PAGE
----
A syringe is prepared with the polio vaccine at Rockland County's Yeager Health Center in Pomona July 25, 2022.

"If a child gets polio, there's nothing we can do to prevent paralysis," he said. "Now, most people get polio don't get catastrophic illness, but we don't know why some people do. We don't know why some people get catastrophic illness with COVID. So prevention is the key."

Dregansky, who was born in 1953, said he remembers his grandmother crying when he and his brother were immunized for polio.

"She was so afraid that her grandsons would be crippled like other children," he said. "She watched children crippled and die from polio. The worst thing about polio is if it didn't kill you, it cripples your spinal cord and then you end up on a ventilator the rest of your life or you end up with all of these complications.

"I've treated post-polio syndrome. It's a terrible, painful illness. So my parents and my grandparents literally were joyful at the advent of vaccines because they had such a fear of the disease.

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Third grader Frank Steinberger receives a shot during a polio vaccine trial at a Michigan School in April 1954. Some students received a placebo shot of distilled water.

"Because we don't fear these diseases, it's inevitable. If you don't know history, it will repeat. And that's the phase we're in now. ... The window (to act) is now. If we don't get going on immunizations, there will be outbreaks."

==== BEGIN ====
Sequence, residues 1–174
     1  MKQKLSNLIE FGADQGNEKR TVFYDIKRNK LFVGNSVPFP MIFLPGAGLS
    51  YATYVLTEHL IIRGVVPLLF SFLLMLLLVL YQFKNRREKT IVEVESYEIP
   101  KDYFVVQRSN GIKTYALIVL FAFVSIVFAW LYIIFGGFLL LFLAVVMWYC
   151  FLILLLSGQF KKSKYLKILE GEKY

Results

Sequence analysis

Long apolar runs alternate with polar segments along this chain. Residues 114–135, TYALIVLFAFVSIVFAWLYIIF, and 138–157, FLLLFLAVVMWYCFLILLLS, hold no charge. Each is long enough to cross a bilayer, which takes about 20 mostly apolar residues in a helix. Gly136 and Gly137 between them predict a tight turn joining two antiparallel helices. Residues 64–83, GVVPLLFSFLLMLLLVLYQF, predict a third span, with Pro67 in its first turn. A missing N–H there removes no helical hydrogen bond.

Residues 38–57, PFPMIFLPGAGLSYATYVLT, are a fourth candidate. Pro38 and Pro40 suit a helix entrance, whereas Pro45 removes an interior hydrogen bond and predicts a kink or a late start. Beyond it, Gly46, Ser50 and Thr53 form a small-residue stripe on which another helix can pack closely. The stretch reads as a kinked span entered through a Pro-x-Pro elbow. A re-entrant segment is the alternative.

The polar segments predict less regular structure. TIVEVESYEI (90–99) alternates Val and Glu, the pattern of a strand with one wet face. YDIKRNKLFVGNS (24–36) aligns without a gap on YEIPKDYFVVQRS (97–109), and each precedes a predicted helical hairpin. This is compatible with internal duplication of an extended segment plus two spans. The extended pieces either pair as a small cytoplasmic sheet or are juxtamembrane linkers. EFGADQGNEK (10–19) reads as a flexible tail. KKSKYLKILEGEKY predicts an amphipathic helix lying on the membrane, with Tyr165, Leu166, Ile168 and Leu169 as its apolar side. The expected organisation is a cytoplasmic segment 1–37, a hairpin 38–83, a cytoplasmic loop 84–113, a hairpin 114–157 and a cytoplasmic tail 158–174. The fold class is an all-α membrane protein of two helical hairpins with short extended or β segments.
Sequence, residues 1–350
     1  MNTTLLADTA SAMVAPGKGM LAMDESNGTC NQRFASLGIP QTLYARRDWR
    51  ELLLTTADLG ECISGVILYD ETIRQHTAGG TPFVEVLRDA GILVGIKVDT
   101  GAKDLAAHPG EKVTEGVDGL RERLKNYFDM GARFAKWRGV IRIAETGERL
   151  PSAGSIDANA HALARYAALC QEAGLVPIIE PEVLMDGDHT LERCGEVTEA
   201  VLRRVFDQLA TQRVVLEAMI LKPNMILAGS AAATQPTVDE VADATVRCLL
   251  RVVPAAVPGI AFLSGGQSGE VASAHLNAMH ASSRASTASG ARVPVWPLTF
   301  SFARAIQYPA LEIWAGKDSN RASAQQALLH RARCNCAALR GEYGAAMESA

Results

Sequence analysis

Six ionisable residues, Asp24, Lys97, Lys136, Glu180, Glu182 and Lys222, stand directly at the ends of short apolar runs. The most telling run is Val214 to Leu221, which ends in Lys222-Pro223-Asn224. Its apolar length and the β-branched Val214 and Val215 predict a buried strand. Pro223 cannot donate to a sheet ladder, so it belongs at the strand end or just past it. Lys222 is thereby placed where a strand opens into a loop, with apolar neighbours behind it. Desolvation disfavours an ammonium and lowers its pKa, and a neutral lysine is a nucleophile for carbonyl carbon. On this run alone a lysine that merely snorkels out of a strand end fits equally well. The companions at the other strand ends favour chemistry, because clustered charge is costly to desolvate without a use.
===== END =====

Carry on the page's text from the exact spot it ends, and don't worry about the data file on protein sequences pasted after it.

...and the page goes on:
The vaccination rate isn't high enough in Michigan for people to be protected by herd immunity if there were to be an outbreak of most of these vaccine-preventable childhood diseases, Dregansky said.

"I don't know that we have, frankly, any herd immunity anymore because of this trend toward people not getting immunized," he said. "For herd immunity, it depends on disease. Some diseases, 80-85% of the population needs to be immune. For other diseases, like measles, it's over 90%. And we're not there."

Dr. Beena Nagapalla, medical director for community health at Ascension Southeast Michigan, urged parents to make sure their children are up to date on all their vaccines.

"As immunization rates drop, especially among children, the health of our communities is put at risk," she said. "Now is the time to reverse this trend before it has disastrous results."

Contact Kristen Shamus: kshamus@free press.com. Follow her on Twitter @kristenshamus. 

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This article originally appeared on Detroit Free Press: Michigan's childhood vaccination rates fall 6.5% since 2019